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We will need more fast acting reserve for a successful energy transition

On a sunny Friday afternoon, I found myself pondering fast-acting ancillary services and the barriers they face. Since I’m sure most other normal people also think about such things, I decided to share some of my musings on the topic.

Starting with the ‘basics’ – we know having more renewables on the grid and the phasedown of synchronous thermal generators will result in decreasing system inertia. Lower system inertia will result in grid frequency deviations becoming faster and more common. My assumption here is that the resulting faster change in frequency will require faster-acting ancillary services in order to recover the grid frequency in shorter timescales.

In some counties ‘fast frequency services’, acting on the timescales of a few seconds or less (e.g. as fast as 150ms in Ireland), provide significant value to grid operators and as such we often see them remunerated at higher levels. Furthermore, storage assets and demand side response are often the only asset types that can provide these fast-acting services in the required timeframes.

Energy storage technologies are well suited to providing very fast frequency services. Source: Meng, et al., 2020, with some of my own own observation added in

TechnologyPower rage (MW)Energy rating/storage volume (MWh)Response timeDischarge time
Super capacitors (high voltage)<50<0.2810-20ms1ms to 1 hour
Lithium batteriesUp to 50 or more<50<40msMinutes to hours
Advanced lead acid batteries<40<40<40msSeconds to hours
Flow batteries~3-50<100<40msSeconds to hours
Pumped hydro (for reference)>50MW100 – 10000 GWh20s-10minhours

In terms of the barriers these demand side flexibility technologies face in providing such rapid ancillary services, in my view they can be divided into three categories:

  • Technical barriers
  • Market barriers
  • Regulatory barriers 

From my research, the technical barriers relate primarily to the distributed nature of the demand-side flexibility (DSF) assets providing the ancillary services in the required timeframes. Regarding the distributed nature, things like Low Frequency Demand Disconnection (LFDD) can trip these assets off the grid when they are needed most (see for further discussion on this). Regarding responding fast enough – there are also issues around the required latency of communication meaning that on site frequency metering would be a must. While this would be fine for a larger commercial scale battery, in terms of tapping into smaller loads (read ‘residential’) this would cause some issues.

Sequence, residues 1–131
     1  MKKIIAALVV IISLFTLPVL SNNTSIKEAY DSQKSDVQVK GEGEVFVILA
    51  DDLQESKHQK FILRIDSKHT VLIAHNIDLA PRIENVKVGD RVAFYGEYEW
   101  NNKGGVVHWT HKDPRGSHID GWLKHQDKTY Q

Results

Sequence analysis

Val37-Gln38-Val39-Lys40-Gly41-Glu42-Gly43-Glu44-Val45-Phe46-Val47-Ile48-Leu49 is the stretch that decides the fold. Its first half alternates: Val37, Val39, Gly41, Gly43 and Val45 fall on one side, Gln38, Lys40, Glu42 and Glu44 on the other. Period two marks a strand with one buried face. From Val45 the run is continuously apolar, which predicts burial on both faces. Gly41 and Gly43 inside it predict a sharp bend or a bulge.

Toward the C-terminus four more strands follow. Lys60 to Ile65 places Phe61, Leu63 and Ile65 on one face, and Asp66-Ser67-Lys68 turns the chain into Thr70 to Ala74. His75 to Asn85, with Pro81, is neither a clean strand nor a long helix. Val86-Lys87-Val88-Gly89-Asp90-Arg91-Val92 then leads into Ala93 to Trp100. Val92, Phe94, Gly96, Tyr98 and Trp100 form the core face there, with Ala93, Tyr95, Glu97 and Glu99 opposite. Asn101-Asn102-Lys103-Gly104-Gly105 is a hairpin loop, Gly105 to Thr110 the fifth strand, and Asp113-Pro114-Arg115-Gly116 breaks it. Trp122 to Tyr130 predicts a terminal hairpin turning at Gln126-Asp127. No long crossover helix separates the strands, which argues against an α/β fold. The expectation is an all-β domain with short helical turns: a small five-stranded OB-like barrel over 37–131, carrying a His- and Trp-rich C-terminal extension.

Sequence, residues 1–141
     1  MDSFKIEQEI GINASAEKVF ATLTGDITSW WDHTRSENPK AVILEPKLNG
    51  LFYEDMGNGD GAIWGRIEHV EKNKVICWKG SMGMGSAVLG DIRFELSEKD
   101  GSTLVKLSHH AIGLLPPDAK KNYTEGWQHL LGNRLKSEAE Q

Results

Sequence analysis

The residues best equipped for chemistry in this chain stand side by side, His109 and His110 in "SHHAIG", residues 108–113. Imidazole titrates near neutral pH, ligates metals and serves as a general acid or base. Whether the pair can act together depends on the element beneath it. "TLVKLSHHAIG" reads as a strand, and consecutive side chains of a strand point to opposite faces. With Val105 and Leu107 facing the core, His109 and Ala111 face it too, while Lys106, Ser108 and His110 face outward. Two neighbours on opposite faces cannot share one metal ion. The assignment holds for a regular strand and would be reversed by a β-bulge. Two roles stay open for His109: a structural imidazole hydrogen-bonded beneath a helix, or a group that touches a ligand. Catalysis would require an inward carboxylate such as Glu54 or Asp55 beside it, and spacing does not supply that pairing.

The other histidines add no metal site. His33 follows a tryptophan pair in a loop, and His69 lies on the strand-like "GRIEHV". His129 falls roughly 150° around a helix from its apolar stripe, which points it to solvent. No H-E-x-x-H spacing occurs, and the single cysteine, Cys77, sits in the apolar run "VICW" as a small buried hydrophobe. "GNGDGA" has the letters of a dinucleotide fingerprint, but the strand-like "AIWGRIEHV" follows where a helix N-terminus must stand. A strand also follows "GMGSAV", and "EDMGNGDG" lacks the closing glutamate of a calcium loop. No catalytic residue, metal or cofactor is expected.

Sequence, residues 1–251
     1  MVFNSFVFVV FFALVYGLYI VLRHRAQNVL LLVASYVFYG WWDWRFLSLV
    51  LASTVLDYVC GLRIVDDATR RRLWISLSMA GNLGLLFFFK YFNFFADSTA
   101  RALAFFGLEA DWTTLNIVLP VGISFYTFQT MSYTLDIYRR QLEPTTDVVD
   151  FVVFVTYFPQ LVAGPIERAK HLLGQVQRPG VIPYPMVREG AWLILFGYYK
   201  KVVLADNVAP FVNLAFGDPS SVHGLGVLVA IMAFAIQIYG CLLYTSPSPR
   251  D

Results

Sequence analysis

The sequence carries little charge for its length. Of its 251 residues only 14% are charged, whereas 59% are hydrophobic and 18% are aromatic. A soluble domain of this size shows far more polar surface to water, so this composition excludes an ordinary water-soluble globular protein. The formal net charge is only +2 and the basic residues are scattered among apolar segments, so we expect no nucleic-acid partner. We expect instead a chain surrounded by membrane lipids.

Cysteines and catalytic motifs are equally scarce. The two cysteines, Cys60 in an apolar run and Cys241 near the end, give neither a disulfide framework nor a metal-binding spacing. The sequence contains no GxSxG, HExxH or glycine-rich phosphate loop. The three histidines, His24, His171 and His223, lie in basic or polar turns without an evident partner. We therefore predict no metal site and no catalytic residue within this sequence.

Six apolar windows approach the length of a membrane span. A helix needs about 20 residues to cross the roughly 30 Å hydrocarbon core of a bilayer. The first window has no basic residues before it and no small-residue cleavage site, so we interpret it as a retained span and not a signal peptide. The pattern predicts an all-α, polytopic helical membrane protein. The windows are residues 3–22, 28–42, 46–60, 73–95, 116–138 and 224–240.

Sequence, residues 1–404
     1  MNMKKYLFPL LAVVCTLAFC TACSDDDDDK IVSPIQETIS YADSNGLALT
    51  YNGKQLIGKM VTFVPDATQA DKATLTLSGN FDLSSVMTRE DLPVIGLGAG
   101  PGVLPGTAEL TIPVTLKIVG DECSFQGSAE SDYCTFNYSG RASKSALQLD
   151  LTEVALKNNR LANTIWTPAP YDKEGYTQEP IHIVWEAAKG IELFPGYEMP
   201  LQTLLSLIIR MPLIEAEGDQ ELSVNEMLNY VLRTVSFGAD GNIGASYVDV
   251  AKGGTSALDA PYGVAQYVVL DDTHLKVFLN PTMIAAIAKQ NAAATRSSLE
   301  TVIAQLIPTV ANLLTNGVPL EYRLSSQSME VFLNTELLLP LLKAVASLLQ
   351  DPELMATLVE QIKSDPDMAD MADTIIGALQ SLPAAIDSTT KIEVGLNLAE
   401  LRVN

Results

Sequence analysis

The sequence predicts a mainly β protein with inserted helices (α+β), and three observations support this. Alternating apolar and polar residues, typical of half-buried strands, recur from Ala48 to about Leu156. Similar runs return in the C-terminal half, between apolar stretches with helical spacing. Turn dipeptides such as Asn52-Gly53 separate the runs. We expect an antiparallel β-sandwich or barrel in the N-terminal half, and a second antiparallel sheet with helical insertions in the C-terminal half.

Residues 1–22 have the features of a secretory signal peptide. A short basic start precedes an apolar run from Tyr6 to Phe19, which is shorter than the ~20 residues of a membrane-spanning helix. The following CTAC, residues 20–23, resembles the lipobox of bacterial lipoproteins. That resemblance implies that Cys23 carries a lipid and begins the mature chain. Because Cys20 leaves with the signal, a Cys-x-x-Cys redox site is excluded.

Market barriers for fast-acting ancillary services provision include the list of barriers that exist for aggregators and storage assets providing any sort of ancillary service / balancing market access. These include prequalification requirements, registration and licensing requirements, minimum bid sizes, lack of DSO/TSO coordination, along with many others. Existing large vertically integrated players within the energy and power markets also present a barrier to competition. These players have been known to abuse their market-dominant positions and are powerful lobbying forces. General market characteristics also come into play – for example, GB and Ireland, as islands, have lower levels of inertia than the highly interconnected mainland European grid, which further drives the need for faster-acting services.

Regulatory barriers can be fairly market-specific (Clean Energy Package should in theory put an end to this in the EU). A further significant regulatory barrier is the specification in legislation of the type of assets that can provide demand side response. For example, in Poland, Romania, Slovakia, Slovenia, and Hungary only generators are allowed to provide primary frequency control services.

Final thoughts on the barriers to remove and challenges to overcome, via fast acting ancillary services:

As European countries adopt the Clean Energy Package, they will be forced to take a more market-based approach – nicely outlined in a report produced as part of the Delta-EE Flexibility Research Service. However, the dominance of vertically integrated players presents a significant challenge to the opening up of these markets. Regulators need to ensure the markets for these ancillary services are neutral and non-discriminatory. Products should be created/defined that link to real-world needs – e.g. based on system inertia. Lastly, the platforms for the procurement of these fast-acting ancillary services need to be conducted in a competitive and transparent manner.


To the diligent reader who has made it thus far – I would be interested to hear your thoughts on the above, especially your own views on the barriers and challenges. There are a few cans of worms I didn’t open – such as the role of grid forming inverters, however my colleague Jon Ferris has that covered (also part of the Delta-EE Flexibility Research Service).

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